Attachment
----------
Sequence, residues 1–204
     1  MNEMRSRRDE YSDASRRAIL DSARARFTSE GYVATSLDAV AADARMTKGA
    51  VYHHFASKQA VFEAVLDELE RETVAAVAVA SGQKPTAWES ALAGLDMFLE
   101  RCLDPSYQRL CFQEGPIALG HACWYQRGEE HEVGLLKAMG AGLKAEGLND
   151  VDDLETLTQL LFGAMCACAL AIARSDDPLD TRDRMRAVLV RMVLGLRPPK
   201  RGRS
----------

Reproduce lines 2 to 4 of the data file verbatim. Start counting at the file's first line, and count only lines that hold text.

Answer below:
     1  MNEMRSRRDE YSDASRRAIL DSARARFTSE GYVATSLDAV AADARMTKGA
    51  VYHHFASKQA VFEAVLDELE RETVAAVAVA SGQKPTAWES ALAGLDMFLE
   101  RCLDPSYQRL CFQEGPIALG HACWYQRGEE HEVGLLKAMG AGLKAEGLND